Last December Gabriel Schoenfeld, senior editor of Commentary, sat down to review James Risen’s book State of War: The Secret History of the CIA and the Bush Administration, a portion of which had just appeared, to much acclaim and controversy, on page one of the New York Times and would later garner Risen and Eric Lichtblau a Pulitzer Prize. As he read the book Schoenfeld wondered, “Is it legal to publish this kind of stuff?” Risen’s explosive revelations about the National Security Agency’s domestic surveillance program enraged Schoenfeld, who decided to abandon his review and embark instead on a more ambitious essay about espionage and leaks. In recent months that essay–“Has The New York Times Violated the Espionage Act?,” which appeared in the March issue of Commentary–has taken on a life of its own and has brought its author a certain degree of fame and notoriety. His influence may expand as the Times and other newspapers endure Republican fury and calls for prosecution as a result of their June 22 decision to publish a story revealing a secret government financial tracking program.
In his research into the 1917 Espionage Act and subsequent espionage statutes, Schoenfeld discovered Section 798 of the US Criminal Code, enacted by Congress in 1950, which reads, “Whoever knowingly and willingly communicates, furnishes, transmits or otherwise makes available to an unauthorized person, or publishes…any classified information…concerning the communication intelligence activities of the United States…shall be fined not more than $10,000 or imprisoned not more than ten years, or both.” (His italics.) This, Schoenfeld believed, was the “completely unambiguous” smoking gun he needed against Risen and the Times–both of whom, he felt, had “damaged critical intelligence capabilities” and undermined national security with the NSA story. Schoenfeld knew when he wrote the essay that no journalist had ever been prosecuted under Section 798, but his purpose was to stiffen the spine of the Justice Department. “The laws governing what the Times has done are perfectly clear,” he concluded. “Will they be enforced?”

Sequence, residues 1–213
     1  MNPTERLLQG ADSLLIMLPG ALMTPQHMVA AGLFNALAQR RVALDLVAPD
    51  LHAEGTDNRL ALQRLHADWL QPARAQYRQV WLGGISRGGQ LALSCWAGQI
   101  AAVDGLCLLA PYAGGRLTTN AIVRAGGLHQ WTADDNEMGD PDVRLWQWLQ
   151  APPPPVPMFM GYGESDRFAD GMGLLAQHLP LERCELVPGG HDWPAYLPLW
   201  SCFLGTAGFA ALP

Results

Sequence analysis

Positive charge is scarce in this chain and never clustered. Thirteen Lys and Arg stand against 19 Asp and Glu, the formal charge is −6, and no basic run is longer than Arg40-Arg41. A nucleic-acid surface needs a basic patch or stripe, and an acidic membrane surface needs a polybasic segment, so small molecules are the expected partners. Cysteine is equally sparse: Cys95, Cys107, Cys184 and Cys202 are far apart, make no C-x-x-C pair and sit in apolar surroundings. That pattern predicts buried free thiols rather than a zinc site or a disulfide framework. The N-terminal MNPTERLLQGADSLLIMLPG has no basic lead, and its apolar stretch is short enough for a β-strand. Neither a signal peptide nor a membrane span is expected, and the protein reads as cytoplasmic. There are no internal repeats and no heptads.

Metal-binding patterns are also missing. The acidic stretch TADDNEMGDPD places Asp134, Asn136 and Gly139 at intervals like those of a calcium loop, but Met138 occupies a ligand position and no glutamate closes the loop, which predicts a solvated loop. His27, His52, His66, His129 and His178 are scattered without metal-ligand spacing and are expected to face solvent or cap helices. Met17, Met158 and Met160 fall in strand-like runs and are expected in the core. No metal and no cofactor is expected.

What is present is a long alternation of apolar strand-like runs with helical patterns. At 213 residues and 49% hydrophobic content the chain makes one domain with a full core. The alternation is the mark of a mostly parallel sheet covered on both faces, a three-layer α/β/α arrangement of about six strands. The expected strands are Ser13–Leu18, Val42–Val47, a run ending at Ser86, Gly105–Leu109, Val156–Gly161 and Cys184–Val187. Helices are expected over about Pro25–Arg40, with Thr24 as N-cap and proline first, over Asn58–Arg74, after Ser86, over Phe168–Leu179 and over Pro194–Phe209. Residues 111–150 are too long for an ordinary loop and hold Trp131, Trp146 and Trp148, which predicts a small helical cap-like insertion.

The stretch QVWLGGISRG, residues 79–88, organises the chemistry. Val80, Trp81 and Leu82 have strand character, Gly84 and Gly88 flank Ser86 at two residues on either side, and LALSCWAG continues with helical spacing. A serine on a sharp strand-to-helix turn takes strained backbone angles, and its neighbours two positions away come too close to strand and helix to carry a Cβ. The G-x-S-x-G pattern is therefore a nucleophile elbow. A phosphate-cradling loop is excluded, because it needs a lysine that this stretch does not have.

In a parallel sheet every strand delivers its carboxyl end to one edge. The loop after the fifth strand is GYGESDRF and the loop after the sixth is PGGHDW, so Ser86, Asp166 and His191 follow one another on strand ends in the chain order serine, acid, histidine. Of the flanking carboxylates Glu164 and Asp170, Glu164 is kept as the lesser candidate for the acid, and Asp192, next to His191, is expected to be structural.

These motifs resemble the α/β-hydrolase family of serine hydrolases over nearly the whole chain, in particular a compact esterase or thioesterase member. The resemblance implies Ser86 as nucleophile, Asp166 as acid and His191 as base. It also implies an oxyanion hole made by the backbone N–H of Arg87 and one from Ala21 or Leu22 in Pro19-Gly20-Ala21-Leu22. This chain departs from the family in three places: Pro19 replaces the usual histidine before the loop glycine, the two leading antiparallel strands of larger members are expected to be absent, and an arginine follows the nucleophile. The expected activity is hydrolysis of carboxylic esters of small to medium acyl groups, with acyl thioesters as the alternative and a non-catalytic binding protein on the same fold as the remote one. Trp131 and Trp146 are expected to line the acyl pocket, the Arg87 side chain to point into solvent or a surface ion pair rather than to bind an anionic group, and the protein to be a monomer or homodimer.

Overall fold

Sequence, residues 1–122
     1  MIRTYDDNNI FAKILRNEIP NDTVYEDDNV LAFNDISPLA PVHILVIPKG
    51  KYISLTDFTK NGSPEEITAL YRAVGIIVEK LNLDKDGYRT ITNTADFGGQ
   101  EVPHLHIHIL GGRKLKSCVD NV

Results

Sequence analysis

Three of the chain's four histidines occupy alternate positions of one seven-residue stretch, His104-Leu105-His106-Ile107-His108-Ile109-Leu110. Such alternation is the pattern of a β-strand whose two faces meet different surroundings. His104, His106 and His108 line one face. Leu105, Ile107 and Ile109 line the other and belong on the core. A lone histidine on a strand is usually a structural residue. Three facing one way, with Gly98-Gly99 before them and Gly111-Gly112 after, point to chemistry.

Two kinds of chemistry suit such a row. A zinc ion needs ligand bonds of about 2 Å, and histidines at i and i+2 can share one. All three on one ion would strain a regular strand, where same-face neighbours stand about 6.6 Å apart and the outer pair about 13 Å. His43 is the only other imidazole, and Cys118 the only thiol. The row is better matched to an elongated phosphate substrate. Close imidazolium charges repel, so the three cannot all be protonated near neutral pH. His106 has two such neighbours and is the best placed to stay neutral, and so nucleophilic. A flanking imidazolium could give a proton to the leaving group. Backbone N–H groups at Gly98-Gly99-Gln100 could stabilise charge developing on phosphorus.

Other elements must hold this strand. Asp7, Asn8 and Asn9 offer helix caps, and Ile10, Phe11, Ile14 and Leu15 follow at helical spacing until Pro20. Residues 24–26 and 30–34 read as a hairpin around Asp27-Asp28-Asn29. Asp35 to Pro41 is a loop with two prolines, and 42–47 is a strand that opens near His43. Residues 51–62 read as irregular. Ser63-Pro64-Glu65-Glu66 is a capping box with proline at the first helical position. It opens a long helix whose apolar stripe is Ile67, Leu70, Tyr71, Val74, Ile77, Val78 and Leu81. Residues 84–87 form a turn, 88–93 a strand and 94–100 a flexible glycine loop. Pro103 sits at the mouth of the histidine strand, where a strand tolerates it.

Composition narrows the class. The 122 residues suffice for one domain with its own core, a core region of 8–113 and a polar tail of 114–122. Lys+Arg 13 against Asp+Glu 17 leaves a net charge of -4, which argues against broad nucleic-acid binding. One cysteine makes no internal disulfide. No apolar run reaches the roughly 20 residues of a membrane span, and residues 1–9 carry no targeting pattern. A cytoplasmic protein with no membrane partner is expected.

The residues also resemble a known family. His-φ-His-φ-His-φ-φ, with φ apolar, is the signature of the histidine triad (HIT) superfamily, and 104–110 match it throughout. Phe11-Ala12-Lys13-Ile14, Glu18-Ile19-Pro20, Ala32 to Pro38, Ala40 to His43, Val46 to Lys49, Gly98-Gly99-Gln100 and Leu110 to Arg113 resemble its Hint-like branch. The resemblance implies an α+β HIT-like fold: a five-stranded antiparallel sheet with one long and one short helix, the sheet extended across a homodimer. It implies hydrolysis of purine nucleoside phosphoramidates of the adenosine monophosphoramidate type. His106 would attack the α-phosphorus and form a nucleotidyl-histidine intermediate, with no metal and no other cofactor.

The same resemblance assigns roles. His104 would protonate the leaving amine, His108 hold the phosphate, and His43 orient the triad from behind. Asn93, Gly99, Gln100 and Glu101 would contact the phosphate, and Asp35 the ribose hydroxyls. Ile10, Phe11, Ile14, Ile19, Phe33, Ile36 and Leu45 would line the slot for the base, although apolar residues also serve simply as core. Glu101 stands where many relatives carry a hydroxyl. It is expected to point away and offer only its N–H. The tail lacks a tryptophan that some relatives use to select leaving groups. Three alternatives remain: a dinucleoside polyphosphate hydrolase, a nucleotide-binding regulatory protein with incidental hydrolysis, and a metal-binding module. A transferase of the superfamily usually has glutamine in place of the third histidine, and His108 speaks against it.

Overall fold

Schoenfeld’s essay caught the eye of a producer at The NewsHour With Jim Lehrer, who invited him on the show on April 25. “The rest is history,” Schoenfeld says. He was subsequently invited to testify twice before Congress: In May and June he appeared before the House Intelligence Committee and the Senate Judiciary Committee, where he more or less summarized the Commentary essay. Schoenfeld, who has written half a dozen pieces for the Times since 1990, also appeared on MSNBC’s The Abrams Report and was granted space on the op-ed page of the Los Angeles Times.
Some press critics were quick to contest Schoenfeld’s arguments. Writing in Slate, Jack Shafer noted that under the logic employed by Commentary, many leading national security reporters could be prosecuted under Section 798, including Bill Gertz of the Washington Times (for a 2000 story titled “Russian Merchant Ships Used in Spying” that relied on CIA and NSA documents), James Bamford (for a 2006 story in The Atlantic on the successful efforts of the NSA to target Islamic militants in Yemen), Bob Woodward (for divulging in his book Plan of Attack that Iraq had “the kind of old-line Soviet coding equipment that NSA knew well and could crack”) and Seymour Hersh (who drew heavily on NSA documents for a 2001 story in The New Yorker on the machinations of the Saudi royal family). Shafer cited a dozen other reporters who could conceivably be jailed, including Stephen Hayes of The Weekly Standard.